In the eyes of capitalism, children are an unfortunate burden. Not only do they not participate in paid work, but they are a drain on resources. The best place for them, is out of the way. Or even better, reconceptualised as a product that can be traded.
From the earliest of our days, our belief system is woven with capitalist values. Real work is something that you are paid to do. Your value and contribution to society is measured in terms of the work that you are paid for. The more pay, the greater your status and value. It doesn’t particularly matter what it is that you are doing, the key part is that money is changing hands.
Then, all of a sudden you have a baby, and are working harder and for longer hours than ever before. Only no one is paying you a single penny for it.
The Window of Approved Caring
To start off with, that isn’t a problem. It’s expected. There is a window of time where our capitalistic bosses allow us as parents to care for our babies. If you are lucky that window of time is two weeks if you are a dad, and up to a year if you are a mum.
Then, it stops. Hope you had a nice time and all, but back to the real stuff now, you know, ‘actual work’.
And the babies? Do their needs suddenly become less, in line with your availability to be the one to meet them? Well no, not at all. They need you just as much as they did before. Now though you can start paying someone else to look after them. Congratulations capitalism, you’ve got babies making money for you.
What if you don’t go back?
But what of the parents that don’t go back to paid work? What happens to them?
Two things happen:
- They are convinced more than ever that their hard and loving work as the primary carer for their child(ren) is of immeasurable value.
- They are marginalised more than ever by their internalised capitalism and the internalised capitalism of others.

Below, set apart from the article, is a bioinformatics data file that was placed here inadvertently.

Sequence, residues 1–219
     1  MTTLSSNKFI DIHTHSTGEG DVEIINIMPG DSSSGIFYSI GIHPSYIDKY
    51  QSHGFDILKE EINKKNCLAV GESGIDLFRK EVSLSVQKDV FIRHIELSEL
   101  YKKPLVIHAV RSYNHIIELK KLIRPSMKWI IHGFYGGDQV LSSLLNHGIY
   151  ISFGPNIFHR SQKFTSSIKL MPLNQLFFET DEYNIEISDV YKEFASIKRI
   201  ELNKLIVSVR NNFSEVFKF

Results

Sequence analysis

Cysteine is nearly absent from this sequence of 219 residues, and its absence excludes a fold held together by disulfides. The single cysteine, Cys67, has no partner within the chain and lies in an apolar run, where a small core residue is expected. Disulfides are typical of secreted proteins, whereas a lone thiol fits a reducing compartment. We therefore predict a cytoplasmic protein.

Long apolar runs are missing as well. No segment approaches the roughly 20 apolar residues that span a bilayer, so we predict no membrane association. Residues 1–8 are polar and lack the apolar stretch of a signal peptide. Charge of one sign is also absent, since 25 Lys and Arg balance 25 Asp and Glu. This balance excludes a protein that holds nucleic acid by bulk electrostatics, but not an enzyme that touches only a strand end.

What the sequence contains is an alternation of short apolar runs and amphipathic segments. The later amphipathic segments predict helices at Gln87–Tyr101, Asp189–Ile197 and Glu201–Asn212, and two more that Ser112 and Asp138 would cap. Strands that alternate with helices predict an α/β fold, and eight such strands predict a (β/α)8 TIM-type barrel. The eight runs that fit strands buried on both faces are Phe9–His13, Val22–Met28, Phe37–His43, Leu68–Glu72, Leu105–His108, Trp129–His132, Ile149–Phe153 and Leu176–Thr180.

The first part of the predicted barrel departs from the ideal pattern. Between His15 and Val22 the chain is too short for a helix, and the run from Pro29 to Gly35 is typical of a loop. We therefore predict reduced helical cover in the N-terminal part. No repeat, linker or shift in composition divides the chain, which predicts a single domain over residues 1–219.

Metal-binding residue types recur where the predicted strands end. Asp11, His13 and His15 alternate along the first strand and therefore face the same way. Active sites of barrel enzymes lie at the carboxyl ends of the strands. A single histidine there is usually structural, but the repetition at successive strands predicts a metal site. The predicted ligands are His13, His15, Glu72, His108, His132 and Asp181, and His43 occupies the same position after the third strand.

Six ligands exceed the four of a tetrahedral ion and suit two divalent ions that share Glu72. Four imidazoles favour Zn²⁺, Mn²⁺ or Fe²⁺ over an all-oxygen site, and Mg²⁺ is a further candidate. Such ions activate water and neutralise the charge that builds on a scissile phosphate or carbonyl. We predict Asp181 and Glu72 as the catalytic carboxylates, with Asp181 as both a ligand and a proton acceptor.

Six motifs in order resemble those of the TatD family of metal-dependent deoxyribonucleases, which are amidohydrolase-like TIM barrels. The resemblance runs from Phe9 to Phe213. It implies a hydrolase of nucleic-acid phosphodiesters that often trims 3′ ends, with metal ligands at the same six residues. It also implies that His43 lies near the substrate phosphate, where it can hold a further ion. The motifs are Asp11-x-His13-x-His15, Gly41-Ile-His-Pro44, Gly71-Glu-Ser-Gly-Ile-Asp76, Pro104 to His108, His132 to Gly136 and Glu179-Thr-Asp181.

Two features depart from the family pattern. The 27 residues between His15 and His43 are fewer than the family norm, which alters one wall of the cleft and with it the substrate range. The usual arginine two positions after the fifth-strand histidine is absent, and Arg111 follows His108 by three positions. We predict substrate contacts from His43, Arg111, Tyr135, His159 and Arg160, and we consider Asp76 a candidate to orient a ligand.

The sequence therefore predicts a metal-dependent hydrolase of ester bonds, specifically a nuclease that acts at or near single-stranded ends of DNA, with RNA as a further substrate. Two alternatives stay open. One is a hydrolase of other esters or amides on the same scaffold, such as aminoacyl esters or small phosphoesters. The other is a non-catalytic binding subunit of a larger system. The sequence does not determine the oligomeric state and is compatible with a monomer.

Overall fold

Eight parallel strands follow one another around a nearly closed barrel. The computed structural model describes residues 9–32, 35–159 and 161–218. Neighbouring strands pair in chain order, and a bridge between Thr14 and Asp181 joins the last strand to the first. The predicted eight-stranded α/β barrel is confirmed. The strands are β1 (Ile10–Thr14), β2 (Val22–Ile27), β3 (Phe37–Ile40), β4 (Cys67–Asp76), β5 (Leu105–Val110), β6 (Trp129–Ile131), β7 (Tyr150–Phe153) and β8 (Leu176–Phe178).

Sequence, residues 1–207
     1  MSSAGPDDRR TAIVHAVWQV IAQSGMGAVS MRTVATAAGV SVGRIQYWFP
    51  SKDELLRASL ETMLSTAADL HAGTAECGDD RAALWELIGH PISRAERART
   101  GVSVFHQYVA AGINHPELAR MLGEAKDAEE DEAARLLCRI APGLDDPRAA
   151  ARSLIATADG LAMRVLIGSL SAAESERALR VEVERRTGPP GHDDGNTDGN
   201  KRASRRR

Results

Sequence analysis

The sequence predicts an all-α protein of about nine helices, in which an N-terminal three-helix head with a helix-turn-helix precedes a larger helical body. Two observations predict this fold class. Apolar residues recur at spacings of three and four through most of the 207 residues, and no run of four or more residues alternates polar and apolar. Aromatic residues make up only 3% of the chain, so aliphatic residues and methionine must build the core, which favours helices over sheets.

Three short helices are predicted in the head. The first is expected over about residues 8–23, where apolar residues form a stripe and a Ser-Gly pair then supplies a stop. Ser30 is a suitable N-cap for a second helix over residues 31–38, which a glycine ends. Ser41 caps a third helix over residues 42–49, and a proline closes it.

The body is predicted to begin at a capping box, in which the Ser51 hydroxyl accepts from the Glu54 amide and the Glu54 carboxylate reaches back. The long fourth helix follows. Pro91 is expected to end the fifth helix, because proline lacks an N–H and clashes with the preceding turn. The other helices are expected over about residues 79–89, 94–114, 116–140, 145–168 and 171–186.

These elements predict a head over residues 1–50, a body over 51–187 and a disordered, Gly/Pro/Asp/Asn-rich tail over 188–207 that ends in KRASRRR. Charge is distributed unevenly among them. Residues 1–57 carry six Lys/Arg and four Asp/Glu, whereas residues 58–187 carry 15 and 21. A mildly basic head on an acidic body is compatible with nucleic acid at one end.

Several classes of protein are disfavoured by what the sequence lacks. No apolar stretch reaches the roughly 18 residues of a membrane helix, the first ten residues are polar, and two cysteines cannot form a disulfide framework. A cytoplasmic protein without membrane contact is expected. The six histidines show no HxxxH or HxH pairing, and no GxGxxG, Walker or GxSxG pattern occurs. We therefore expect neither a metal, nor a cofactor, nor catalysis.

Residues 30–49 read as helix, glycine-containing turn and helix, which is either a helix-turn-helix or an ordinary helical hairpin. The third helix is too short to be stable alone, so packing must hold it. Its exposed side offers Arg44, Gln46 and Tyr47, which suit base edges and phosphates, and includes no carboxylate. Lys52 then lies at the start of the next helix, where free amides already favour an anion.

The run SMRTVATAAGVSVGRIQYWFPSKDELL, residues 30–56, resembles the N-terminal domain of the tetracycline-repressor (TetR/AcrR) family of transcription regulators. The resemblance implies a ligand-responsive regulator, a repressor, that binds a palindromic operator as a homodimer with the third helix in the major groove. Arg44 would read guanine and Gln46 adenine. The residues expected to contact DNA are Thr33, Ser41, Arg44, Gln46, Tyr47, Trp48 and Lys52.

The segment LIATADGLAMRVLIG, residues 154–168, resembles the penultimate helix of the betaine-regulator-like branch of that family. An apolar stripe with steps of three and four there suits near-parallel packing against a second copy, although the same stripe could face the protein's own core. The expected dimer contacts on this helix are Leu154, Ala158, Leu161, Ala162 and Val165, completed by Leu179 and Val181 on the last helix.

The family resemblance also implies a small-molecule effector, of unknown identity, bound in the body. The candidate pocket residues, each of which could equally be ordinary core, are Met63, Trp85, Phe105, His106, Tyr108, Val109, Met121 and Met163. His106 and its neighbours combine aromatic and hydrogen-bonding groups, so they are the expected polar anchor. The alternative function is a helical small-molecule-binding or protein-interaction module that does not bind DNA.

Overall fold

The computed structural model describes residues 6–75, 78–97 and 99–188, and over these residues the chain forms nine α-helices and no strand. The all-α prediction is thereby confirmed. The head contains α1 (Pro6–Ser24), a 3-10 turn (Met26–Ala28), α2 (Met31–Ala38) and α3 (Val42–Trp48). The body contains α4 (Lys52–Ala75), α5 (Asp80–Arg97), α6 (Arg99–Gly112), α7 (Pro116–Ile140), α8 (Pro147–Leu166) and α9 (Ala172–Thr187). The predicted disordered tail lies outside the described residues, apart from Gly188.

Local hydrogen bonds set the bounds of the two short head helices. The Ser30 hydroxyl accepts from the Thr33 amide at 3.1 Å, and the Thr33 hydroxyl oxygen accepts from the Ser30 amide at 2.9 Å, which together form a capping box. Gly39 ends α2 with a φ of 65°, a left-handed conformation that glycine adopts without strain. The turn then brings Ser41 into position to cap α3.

It is quite a trippy place to be. I mean, you literally become an island of insignificance. Whilst working your ass off, and doing something so essential, capitalism gas lights you to the max by saying it means and is worth nothing.
Is it just that we don’t place a high value on the well being of children in our society, that we don’t see them as real people deserving of respect and quality human care? There is that.
The low status of babies and children also impacts the status of other people who spend their time with them – nursery workers and teachers for example.
But even those people experience greater respect and recognition than parents caring for their children themselves. Those people are getting PAID for their work, which makes them valuable. Parents are just doing it for free. Which makes them either mugs, deviants, some kind of anti-feminist time travellers from the 1950s, or just plain lazy. It’s a stigma reserved for those perceived as ‘dependents’ in our society.
But What do you Even Do All Day?
Parents that care for their children themselves, not only have to be incredibly self motivated and resourceful to navigate a society that has no place for them, they also have to coach themselves into positive self-esteem in order to combat the internalised capitalism that tells them at every available moment that they are doing literally nothing of value.
So, we reach out to each other. We form online support groups. We get together to validate and love each other.
And when we do that, we quietly and creatively destabilise the foundation of capitalism (patriarchy’s bedfellow). We say that despite all the odds, the financial, social and personal compromises, despite what our socialisation into a capitalistic belief system would have us believe, we still ACTUALLY believe that what we do is IMMENSELY valuable work, more than worthy of our time and dedication. We say that, even though they can’t pay us for it and make it ‘real work’, our children are deserving of us.
And because of this, despite what others might believe and what we might sometimes find ourselves thinking, we are able to get on with what is probably the most important and socially active work we will ever do.
Written by Sophie Christophy
Read more from about Sophie’s creative thinking for a fairer world at her personal blog
Republished with permission from www.sophiechristophy.wordpress.com – first published March 24, 2016